Former international cricket umpire Steve Bucknor is rather infamous among the Indian fans for his erroneous decisions majorly involving batting great Sachin Tendulkar. The West Indian has now opened up on the incidents, pointing out two wrong decisions when he adjudged Tendulkar out.
Bucknor spoke about the 2003 Test match at the Gabba, when he adjudged Tendulkar leg-before wicket (LBW) on Jason Gillespie's delivery. He admitted that the ball was going over the stumps. Another dismissal he recalled was from 2005, when he admitted to wrongly adjudge Tendulkar caught-behind on Abdul Razzaq's delivery.
"Tendulkar was given out on two different occasions when those were mistakes. I do not think any umpire would want to do a wrong thing. It lives with him and his future could be jeopardised," Bucknor said on Mason and Guests radio programme in Barbados.
"To err is human…Once in Australia, I gave him out leg before wicket and the ball was going over the top. Another time, in India it was caught behind. The ball deviated after passing the bat but there was no touch. But the match was at Eden Gardens and when you are at the Eden and India is batting, you hear nothing.
"Because 100,000 spectators are making noise. Those were the mistakes and I was unhappy. I am saying a human is going to make mistakes and accepting mistakes are part of life," he added.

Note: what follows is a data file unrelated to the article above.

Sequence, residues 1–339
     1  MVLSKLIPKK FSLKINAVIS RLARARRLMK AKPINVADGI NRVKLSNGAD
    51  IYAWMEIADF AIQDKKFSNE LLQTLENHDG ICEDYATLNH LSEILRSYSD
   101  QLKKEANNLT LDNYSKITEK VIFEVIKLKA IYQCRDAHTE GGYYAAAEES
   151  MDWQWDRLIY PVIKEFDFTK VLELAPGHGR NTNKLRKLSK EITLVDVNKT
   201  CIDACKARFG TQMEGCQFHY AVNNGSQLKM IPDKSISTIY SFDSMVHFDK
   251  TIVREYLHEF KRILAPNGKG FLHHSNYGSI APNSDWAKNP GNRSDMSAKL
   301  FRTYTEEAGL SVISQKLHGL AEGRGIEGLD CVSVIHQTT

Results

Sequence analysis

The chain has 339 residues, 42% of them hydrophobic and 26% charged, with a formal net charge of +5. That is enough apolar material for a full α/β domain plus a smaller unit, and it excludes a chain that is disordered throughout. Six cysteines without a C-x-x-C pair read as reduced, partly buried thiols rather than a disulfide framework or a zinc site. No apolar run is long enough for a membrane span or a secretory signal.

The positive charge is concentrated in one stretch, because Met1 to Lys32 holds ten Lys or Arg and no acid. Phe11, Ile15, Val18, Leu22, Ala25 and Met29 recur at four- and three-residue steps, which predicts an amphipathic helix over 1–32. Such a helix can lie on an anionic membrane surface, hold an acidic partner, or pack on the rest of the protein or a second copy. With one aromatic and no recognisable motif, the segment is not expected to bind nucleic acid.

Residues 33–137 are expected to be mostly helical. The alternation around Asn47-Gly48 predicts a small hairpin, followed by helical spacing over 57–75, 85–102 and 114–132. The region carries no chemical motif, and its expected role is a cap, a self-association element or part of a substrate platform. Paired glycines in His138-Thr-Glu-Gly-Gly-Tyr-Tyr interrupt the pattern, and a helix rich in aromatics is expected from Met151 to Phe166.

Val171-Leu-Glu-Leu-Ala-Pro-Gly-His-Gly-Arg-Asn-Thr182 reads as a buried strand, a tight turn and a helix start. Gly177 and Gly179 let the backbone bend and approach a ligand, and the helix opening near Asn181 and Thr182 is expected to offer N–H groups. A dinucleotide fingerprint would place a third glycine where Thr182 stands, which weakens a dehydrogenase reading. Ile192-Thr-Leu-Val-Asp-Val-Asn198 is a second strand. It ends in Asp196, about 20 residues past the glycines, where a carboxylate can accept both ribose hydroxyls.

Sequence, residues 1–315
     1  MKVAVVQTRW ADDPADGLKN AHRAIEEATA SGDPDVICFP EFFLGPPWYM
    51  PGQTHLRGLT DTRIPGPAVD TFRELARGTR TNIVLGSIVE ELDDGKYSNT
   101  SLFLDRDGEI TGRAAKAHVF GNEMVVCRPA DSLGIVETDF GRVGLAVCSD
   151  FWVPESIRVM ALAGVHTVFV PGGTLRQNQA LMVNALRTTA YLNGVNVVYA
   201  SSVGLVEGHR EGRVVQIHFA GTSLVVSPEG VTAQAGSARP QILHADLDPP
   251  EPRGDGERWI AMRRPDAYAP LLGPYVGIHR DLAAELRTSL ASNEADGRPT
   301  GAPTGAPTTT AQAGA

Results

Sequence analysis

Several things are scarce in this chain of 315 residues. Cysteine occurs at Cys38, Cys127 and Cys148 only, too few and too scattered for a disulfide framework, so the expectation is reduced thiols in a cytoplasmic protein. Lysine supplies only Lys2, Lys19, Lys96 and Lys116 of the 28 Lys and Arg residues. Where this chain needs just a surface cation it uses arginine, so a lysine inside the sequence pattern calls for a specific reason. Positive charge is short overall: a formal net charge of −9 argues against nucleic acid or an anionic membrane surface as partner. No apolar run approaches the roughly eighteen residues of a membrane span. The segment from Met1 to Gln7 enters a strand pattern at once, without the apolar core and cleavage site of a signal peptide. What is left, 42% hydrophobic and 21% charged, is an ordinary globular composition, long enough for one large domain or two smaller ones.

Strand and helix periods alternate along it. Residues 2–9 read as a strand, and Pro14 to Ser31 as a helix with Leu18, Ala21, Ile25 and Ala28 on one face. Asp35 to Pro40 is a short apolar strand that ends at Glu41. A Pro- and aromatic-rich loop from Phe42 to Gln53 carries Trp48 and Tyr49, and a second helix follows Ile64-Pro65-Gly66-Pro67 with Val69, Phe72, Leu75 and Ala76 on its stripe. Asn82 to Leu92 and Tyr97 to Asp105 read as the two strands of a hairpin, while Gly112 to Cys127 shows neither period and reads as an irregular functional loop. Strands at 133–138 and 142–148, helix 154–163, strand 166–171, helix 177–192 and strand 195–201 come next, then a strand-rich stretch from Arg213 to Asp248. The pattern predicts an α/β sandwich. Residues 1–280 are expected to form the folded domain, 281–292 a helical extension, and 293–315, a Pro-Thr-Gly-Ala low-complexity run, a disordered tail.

Bucknor, who is regarded as one of the finest umpires ever to officiate in the game, also spoke about the importance of technology in the sport. He feels that review systems helps in giving correct decisions more often than not and that is better for the sport overall and not just the officials. (ALSO READ: Very positive of playing IPL if T20 WC is postponed: Warner)
"I am not certain if it affects the confidence of umpires, but I know it has improved umpiring," Bucknor said.
"It has improved umpiring because there was a time when we were saying the batsman was so-called playing down the line, therefore he is not going to be given out leg before, but if the technology is saying the ball is hitting, then you have to give him out. So, we learn from the technology.
"The umpires who do not enjoy having technology around, I hope that they have a rethink. What it does if you make a mistake it can be corrected on the field," Bucknor said.
"Now thinking about when I was umpiring and I gave a batsman out who was not out, realizing I made a mistake it took a long time to fall asleep that night. Now you can fall asleep quickly because the correct decision is eventually given."
(With inputs from IANS)